State practice throughout World War I demonstrates that these requirements (absolute necessity and naval blockade) may be considered lex ferenda. World War I-era lex lata (as gleaned through state practice) shows us that while cutting of neutral state to neutral state cables was not permitted, cutting of cables to belligerent states was lawful even without necessity, or blockade. This practice continued through World War II before the issue dropped off international lawyers’ radar, mainly as a result of the shift away from telegraphic to wireless communications. This led to the 1995 San Remo Manual and the 2017 Tallinn Manual 2.0 both asserting that cables are subject to the standard test for determining military objectives with scant concern for the nature of submarine cable infrastructure and its importance to civilian life.
Contemporary Cable Cutting: Neutrality or Permissible Target?
The question whether a submarine data cable can be considered a neutral object appears to have been answered already by historical state practice and their categorisation as potential military targets in the San Remo and Tallinn Manuals. While historically this targetability was restricted to cables being used by belligerents, in a contemporary context such a distinction is unmanageable. This follows from the volume of traffic from multiple states traveling through every cable at all times. Isolating belligerent data traffic is not a reasonable expectation. So, can submarine cables ever be a legitimate military target?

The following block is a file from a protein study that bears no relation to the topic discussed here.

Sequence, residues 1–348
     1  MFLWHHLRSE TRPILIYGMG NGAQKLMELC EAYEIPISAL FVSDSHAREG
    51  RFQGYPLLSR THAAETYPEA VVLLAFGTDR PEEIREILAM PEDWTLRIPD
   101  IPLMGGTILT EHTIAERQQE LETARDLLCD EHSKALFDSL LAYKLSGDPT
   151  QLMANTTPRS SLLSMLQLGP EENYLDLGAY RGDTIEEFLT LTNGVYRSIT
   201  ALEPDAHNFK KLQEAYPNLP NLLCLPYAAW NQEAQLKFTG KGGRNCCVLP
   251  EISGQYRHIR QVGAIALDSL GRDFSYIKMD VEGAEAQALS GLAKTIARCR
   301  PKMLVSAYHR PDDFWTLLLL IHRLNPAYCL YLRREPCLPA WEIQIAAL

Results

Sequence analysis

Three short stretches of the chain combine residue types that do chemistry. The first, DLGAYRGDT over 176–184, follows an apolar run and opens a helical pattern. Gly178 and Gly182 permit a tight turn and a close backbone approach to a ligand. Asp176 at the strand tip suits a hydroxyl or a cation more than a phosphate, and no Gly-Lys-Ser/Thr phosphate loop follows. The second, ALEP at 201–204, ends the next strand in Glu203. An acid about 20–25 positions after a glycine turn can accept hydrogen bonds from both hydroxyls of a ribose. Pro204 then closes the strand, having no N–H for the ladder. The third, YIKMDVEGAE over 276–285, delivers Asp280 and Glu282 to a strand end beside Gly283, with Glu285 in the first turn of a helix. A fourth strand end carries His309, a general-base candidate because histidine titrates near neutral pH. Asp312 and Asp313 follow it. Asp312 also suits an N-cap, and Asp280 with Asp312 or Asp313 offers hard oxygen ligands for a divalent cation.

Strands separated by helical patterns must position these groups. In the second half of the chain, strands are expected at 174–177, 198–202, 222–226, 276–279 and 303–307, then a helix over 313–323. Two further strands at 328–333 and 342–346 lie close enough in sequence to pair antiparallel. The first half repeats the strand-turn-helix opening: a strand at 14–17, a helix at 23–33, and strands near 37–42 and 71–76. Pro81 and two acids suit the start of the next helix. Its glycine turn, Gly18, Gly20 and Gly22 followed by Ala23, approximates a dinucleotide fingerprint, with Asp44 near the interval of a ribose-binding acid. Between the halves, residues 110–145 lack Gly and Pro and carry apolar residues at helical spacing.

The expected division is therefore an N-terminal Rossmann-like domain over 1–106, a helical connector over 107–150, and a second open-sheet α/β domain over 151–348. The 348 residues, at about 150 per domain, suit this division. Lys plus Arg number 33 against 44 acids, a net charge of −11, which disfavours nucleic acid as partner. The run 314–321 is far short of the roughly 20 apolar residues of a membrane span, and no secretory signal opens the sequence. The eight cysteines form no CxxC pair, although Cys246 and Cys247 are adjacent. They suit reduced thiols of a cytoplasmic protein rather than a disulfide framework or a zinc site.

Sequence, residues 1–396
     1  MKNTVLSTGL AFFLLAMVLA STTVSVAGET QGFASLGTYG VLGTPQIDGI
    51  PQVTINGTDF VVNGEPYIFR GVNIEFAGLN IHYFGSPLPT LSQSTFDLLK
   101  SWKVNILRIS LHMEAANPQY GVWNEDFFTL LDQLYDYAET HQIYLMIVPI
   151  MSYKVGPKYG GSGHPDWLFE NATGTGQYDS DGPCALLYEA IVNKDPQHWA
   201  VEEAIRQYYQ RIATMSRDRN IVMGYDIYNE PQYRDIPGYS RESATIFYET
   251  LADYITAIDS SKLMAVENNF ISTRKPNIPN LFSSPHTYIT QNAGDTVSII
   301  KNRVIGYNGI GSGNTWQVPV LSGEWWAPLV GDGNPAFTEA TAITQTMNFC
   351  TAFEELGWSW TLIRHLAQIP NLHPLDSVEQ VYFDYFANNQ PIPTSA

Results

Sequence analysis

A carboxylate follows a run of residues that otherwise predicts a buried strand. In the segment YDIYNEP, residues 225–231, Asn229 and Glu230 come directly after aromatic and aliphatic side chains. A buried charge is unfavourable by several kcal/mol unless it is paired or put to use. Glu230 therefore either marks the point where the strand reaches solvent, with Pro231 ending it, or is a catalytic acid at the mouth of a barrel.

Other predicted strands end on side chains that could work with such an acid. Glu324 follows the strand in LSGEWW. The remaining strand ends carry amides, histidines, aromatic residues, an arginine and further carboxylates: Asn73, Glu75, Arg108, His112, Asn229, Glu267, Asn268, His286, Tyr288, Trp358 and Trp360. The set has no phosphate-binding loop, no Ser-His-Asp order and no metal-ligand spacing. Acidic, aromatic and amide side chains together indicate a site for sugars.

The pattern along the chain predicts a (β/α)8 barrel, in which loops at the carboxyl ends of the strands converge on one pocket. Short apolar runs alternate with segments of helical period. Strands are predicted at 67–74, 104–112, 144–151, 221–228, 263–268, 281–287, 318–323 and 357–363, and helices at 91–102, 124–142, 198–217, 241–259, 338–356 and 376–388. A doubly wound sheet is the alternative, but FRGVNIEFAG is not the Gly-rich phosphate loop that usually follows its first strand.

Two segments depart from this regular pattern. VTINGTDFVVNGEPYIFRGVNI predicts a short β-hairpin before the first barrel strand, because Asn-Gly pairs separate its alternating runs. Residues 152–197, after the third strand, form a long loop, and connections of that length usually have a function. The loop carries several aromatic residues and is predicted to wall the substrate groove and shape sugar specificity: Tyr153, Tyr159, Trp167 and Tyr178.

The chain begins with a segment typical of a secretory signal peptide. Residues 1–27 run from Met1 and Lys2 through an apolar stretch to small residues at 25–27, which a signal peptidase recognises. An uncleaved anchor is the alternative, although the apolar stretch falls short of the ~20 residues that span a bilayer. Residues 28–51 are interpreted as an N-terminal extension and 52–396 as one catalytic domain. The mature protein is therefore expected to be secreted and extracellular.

Article 52(2) of the 1977 Additional Protocol 1 and Rule 40 of the San Remo Manual define a military objective as:
… military objectives are limited to those objects which by their nature, location, purpose or use make an effective contribution to military action and whose total or partial destruction, capture or neutralization, in the circumstances ruling at the time, offers a definite military advantage.
Given the evidence that cutting of submarine data cables can, among other things, inhibit communications and halt UAV activities, it is clear that the use of submarine data cables could certainly make ‘an effective contribution to military action’ such that their destruction could offer ‘a definite military advantage’. Consequently, the key issue is whether such action could satisfy the proportionality test? The doctrinal approach to the proportionality test is focusses upon the language of Additional Protocol I Article 57(2)(a)(iii): The belligerent should ‘refrain from deciding to launch any attack which may be expected to cause incidental loss of civilian life, injury to civilians, damage to civilian objects, or a combination thereof, which would be excessive in relation to the concrete and direct military advantage anticipated.’ We suggest that any application of this test will always come back in the negative. This is because the combination of the scale of impact on civilian social and economic infrastructure, and the likelihood of this damage spreading beyond the targeted state to neutral third states, can only be excessive in relation to any military advantage. This conclusion is grounded in the interconnected nature of the Internet through submarine data cables, and the sheer extent of foreseeable civilian harm that would result (and this is quite separate to considerations flowing from the attendant obligation of constant care). When all of these consequences are considered it is nigh impossible for any military objective to be considered proportional to the widespread collateral damage that would occur to civilians resulting from the cutting of a submarine data cable. Thus, while a formal recognition of neutrality of submarine cables (as suggested by Kraska) would be preferable, we contend that a conventional approach to the proportionality test (when done in good faith) results in the same net effect and is more politically realistic than advocating a new neutrality norm. Thus we conclude that the severing of submarine data cables, while theoretically permissible under LOAC and LoNW, is functionally unlawful.